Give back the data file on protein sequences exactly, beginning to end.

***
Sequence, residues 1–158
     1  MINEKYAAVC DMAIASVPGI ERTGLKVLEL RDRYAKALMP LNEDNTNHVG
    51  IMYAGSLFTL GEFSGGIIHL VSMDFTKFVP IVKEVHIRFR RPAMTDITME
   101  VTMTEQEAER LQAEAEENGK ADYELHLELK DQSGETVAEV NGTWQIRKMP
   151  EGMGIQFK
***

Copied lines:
Sequence, residues 1–158
     1  MINEKYAAVC DMAIASVPGI ERTGLKVLEL RDRYAKALMP LNEDNTNHVG
    51  IMYAGSLFTL GEFSGGIIHL VSMDFTKFVP IVKEVHIRFR RPAMTDITME
   101  VTMTEQEAER LQAEAEENGK ADYELHLELK DQSGETVAEV NGTWQIRKMP
   151  EGMGIQFK